Wednesday, December 07, 2016

European Communities Act v Dangerous Dogs Act

The European Communities Act is undoubtedly constitutionally important and creates a new legal landscape. However, if the Supreme Court decides that the government can withdraw from the EU merely by using prerogative powers, it must be granted that the ECA has less enduring force than, say, The Dangerous Dogs Act.

Monday, December 05, 2016

The government will do it immediately

Perhaps the most obvious thing that watching a little bit of the Supreme Court Brexit case shows is that there is an inordinate amount of paperwork, and of course I haven't read it! Presumably the High Court was not stupid.

But it seems obvious to me that during the Referendum Campaign, Mr Cameron thought that he had the power to trigger Article 50 immediately and that no one challenged that. Presumably that was relevant to the question of what parliament thought it was doing?

Wednesday, November 30, 2016

An immoral theologian?

There was some discussion on Radio 4 this morning about whether Fidel Castro was a good man or a bad man, a good thing for the people of Cuba and the world or not. The speaker argued that, like us all, though in a much more extreme way, he was both bad and good.

Orwell's famous statement was quoted:

"One ought to be able to hold in one’s head simultaneously the two facts that Dali is a good draughtsman and a disgusting human being."

(Benefit of Clergy: Some Notes on Salvador Dali available here: https://www.theorwellprize.co.uk/the-orwell-prize/orwell/essays-and-other-works/benefit-of-clergy-some-notes-on-salvador-dali/)

But can the same be said of a theologian? Could one say that someone is a good theologian but a bad person?

Of course, none of us is perfect; we are all a mixture of good and bad. Our theology will inevitably be mixed and contaminated with error.

But theology is a uniquely experimental science. The truth leads to Godliness. If it does not do so, it has not really been embraced.

Of course, an unbelieving theologian might give a brilliant analysis of some doctrine, but is not theology faith seeking understanding rather than unbelief seeking clarity?

If the scandal around Karl Barth's relationship with his secretary was justified, is that relevant to how we read his theology?

Friday, November 04, 2016

Calvin's staff meeting / chapter

Calvin was in the habit of meeting with the pastors of Geneva and the surrounding district every Friday morning to examine candidates for the ministry and discuss theological and practical matters of local or international concern.

see Scott M. Manetsch,  Calvin's Company of Pastors: Pastoral Care and the Emerging Reformed Church, 1536-1609, OUP Oxford Studies in Historical Theology, 2013, p2

Don't change a thing!

It is disappointing, it seems to me, that amongst Calvin's dying words to the pastors of Geneva was a charge not to change anything. For good or ill it was not advice that they were able to follow exactly.

(see Scott M. Manetsch,  Calvin's Company of Pastors: Pastoral Care and the Emerging Reformed Church, 1536-1609, OUP Oxford Studies in Historical Theology, 2013, p1)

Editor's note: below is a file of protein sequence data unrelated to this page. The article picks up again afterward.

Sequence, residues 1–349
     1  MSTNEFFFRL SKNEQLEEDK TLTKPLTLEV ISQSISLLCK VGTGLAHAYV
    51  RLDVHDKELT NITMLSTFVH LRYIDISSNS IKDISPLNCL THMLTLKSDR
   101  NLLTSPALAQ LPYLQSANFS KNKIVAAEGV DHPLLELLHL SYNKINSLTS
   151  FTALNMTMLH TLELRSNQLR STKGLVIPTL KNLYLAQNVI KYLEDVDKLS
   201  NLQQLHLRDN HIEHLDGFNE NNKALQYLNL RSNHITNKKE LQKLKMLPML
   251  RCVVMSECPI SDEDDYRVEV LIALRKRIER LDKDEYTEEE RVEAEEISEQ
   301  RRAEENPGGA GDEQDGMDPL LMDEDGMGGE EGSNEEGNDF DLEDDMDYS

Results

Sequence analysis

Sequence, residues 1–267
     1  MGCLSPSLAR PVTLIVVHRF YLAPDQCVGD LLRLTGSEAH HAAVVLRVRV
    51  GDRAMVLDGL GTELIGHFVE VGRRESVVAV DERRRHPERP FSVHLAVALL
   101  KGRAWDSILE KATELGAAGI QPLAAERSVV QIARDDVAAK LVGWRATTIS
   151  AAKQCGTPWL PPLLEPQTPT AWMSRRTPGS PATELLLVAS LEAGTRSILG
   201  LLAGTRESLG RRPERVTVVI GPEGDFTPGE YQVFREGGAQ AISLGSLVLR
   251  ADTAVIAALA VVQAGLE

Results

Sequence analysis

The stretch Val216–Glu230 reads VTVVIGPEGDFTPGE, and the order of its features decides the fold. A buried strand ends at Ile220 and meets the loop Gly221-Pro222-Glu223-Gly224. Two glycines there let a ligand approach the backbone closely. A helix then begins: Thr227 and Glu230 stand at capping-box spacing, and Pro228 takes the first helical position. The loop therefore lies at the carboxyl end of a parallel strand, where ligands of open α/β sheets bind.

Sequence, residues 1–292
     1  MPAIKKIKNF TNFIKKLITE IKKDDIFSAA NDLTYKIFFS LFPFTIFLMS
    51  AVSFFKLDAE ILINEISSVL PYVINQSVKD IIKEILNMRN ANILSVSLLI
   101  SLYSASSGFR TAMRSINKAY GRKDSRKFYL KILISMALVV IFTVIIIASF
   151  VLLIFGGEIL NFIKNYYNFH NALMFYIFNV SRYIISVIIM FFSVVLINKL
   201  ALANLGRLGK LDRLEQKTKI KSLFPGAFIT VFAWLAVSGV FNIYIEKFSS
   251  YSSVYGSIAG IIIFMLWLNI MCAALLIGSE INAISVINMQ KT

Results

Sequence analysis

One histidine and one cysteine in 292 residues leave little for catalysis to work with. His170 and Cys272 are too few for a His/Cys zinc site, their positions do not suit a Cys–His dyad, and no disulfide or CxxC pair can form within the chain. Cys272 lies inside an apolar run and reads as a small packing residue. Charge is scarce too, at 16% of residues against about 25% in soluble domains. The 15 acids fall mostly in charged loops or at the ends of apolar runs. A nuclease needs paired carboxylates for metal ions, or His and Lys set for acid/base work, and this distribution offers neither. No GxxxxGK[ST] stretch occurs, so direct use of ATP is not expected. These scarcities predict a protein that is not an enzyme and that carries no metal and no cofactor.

Tuesday, November 01, 2016

Consistent?

As it's Reformation time of year, and I have just finished and enjoyed a biography of Luther, I have been reading a tiny bit of Calvin biography for fun.

One of the issues in reading any writer is what degree of unity and consistency we expect.

Did the writer's ideas develop over time?

Did they change to such a degree that what he wrote later contradicted what he wrote before?

To what extent did the writer realise that some of his views were in tension or were contradictory?

With a great writer, perhaps especially one given to logical thought and systemisation, we should assume a high level of consistency. Self-awareness is a different issue. It would be a mistake to say that even a great writer can't contradict himself, sometimes without knowing it.

In reading anyone else, we need to wonder to what extent we might understand him better than he understood himself. Or better than his contemporaries did.

And if these issues arise when reading any writer, they also apply to reading Scripture. Since God is the ultimate author of the Bible, all his words are consistent but there is certainly development and change (not least between the Testaments). We must not flatten out the different contributions of the human authors. Perhaps they could not see the tensions or the unity. Perhaps we can't. But with the Bible we do know that we have one united symphony.

With other writers, there will be some wrong notes. Some themes will be discordant. But which ones?

Thursday, October 13, 2016

Hard working

God willing I will preach on Romans 16 this coming Lord's Day.

Paul greets a number of co-workers and those who have worked hard in the Lord. He does so warmly and affectionately - something which might not seem very British to some of us!

The gospel of the grace of God in Christ which has saved the Roman Christians not by works also motivates and equips them to work hard.

Many in our churches will similarly work hard, often behind the scenes and unthanked.

It can seem invidious to name individuals, but Paul takes that risk.

Of course people do not serve so as to be thanked, but Paul's example suggests that it is right to publically recognise and commend those who work hard in the life of the church for the sake of Jesus.

In a typical church there will be an army of volunteers serving in all sorts of way.